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It is a line of one of Edgar Allan Poe's short stories, and it says:

We gave him a hearty welcome; for there was nearly half as much of the entertaining as of the contemptible about the man...

I don't understand the boldfaced part of the sentence. Does it mean the man was entertaining and despicable at the same time? If that is the case, what makes it confusing for me is that supposing that he was despicable, why did they give him a hearty welcome?

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A larger excerpt would give us more context (I don't recognize the story in question), but I think you're reading it correctly: The man was entertaining and despicable at the same time.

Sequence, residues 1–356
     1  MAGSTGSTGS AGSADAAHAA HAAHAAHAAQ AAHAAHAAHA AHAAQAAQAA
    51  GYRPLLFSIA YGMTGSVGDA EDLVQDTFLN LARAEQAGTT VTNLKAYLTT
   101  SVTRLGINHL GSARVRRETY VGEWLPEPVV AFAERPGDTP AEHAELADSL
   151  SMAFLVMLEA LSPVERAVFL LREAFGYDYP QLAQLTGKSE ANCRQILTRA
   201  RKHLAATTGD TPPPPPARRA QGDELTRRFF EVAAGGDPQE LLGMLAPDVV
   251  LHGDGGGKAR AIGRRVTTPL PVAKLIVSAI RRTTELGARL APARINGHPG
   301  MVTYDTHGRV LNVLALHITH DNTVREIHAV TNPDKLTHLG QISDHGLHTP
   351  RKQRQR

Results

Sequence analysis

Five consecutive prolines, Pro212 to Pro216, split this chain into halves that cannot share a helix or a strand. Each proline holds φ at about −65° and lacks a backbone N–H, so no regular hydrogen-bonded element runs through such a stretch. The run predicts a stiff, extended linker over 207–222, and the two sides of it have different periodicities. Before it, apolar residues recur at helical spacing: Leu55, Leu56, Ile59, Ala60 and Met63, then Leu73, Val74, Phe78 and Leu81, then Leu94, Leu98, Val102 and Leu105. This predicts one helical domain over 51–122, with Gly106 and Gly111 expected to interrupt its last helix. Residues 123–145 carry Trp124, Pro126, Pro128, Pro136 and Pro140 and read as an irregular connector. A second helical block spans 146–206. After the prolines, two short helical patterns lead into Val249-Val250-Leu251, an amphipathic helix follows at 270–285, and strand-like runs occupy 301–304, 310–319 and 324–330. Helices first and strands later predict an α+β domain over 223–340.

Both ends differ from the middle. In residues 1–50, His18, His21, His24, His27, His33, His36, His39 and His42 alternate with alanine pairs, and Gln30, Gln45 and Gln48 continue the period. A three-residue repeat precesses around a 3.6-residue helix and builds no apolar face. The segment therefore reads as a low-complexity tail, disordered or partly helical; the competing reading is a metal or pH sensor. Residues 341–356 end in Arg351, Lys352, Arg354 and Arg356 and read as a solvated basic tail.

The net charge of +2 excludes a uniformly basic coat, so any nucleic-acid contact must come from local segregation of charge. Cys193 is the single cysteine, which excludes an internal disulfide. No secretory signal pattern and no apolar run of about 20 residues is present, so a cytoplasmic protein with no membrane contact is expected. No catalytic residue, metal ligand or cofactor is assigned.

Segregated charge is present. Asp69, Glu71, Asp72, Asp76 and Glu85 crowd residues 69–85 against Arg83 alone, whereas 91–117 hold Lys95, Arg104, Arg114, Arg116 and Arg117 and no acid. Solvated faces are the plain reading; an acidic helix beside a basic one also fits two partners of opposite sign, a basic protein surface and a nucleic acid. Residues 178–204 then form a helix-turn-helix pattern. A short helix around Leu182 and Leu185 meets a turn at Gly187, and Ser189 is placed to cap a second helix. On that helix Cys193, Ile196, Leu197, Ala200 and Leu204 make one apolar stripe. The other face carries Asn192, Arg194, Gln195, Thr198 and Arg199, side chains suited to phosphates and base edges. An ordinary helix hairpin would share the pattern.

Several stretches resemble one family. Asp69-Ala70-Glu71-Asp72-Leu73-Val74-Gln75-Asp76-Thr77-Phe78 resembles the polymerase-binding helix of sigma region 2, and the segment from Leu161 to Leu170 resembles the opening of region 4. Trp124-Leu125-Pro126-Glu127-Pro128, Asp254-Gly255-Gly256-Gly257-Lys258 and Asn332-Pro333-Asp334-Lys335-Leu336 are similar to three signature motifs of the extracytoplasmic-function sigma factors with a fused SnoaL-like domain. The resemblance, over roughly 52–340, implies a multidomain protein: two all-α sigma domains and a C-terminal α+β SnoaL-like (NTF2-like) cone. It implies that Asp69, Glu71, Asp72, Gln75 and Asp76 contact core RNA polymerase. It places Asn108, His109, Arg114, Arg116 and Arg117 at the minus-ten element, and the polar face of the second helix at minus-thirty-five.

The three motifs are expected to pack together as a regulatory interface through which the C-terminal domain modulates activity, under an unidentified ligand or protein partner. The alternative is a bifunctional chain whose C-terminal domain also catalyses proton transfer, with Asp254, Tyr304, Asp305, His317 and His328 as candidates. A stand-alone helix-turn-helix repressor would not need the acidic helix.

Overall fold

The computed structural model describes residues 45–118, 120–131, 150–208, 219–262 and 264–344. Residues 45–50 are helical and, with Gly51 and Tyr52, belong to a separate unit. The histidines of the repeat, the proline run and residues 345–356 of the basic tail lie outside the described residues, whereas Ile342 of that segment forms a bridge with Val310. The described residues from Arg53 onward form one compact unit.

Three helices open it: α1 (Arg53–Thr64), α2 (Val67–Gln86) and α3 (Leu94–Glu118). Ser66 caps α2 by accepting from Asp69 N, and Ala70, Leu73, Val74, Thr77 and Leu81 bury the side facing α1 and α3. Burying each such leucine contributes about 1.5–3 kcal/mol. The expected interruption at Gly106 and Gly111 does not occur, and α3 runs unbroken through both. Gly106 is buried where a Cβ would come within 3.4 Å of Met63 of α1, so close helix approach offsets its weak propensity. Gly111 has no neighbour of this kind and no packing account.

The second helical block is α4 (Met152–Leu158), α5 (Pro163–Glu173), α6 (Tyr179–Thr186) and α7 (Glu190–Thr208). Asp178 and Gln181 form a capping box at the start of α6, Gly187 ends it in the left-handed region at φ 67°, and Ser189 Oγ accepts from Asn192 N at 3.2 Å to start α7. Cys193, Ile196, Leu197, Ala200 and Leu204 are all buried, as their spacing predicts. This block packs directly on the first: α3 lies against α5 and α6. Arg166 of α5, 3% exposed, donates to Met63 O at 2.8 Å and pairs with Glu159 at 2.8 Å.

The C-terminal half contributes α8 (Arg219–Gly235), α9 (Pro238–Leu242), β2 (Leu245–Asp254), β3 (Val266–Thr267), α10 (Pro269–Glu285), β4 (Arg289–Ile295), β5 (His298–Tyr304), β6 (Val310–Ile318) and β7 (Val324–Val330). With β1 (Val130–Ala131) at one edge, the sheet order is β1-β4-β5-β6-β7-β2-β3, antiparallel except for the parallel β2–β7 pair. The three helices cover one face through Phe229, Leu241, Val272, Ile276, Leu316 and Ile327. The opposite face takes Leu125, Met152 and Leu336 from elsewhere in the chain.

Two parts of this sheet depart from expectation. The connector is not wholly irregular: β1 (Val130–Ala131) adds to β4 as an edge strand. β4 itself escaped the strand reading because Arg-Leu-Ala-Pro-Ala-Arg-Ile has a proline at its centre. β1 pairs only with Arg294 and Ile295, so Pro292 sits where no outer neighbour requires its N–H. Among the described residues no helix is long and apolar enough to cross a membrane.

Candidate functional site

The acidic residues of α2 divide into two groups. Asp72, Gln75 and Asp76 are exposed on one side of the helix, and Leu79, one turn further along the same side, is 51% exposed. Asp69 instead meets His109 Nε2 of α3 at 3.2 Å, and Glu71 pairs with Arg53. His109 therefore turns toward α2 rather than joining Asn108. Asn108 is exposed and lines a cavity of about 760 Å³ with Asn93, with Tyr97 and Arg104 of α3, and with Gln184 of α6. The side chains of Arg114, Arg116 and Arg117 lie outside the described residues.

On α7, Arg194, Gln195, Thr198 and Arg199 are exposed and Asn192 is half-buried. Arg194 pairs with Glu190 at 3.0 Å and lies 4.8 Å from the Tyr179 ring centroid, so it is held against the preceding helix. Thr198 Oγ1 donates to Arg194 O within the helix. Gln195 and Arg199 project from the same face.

They give him a hearty welcome because he's entertaining.
How entertaining?
Almost half as entertaining as he is contemptible.

In other words, he's so contemptible that even half that measure of entertainingness is enough entertainingness to earn an enthusiastic welcome (from his friends, I assume).

But it's deliberately phrased to also tells us something about the speaker: He and his friends are prepared to overlook the many faults of a contemptible man for no other reason than because they find his company entertaining.

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